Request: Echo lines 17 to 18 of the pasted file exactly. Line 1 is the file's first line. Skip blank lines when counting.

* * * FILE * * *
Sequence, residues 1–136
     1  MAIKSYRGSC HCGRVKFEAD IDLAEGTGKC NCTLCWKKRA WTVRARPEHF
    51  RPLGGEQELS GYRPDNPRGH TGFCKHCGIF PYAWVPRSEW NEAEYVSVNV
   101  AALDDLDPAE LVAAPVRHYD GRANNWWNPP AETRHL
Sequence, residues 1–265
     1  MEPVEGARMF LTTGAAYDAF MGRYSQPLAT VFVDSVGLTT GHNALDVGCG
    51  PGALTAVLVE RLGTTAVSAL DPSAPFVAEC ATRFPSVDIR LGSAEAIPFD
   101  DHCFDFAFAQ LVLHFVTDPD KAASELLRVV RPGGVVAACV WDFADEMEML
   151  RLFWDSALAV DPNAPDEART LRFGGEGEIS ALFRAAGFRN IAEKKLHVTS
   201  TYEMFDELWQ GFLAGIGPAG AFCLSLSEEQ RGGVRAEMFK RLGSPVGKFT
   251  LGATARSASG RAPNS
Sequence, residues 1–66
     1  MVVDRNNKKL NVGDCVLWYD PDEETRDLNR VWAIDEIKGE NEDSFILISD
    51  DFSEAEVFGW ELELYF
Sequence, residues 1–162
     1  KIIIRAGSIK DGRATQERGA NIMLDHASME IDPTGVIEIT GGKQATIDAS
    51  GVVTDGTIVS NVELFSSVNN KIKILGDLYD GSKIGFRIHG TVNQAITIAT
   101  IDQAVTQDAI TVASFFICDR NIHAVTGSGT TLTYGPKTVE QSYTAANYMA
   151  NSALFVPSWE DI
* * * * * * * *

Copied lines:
    51  GVVTDGTIVS NVELFSSVNN KIKILGDLYD GSKIGFRIHG TVNQAITIAT
   101  IDQAVTQDAI TVASFFICDR NIHAVTGSGT TLTYGPKTVE QSYTAANYMA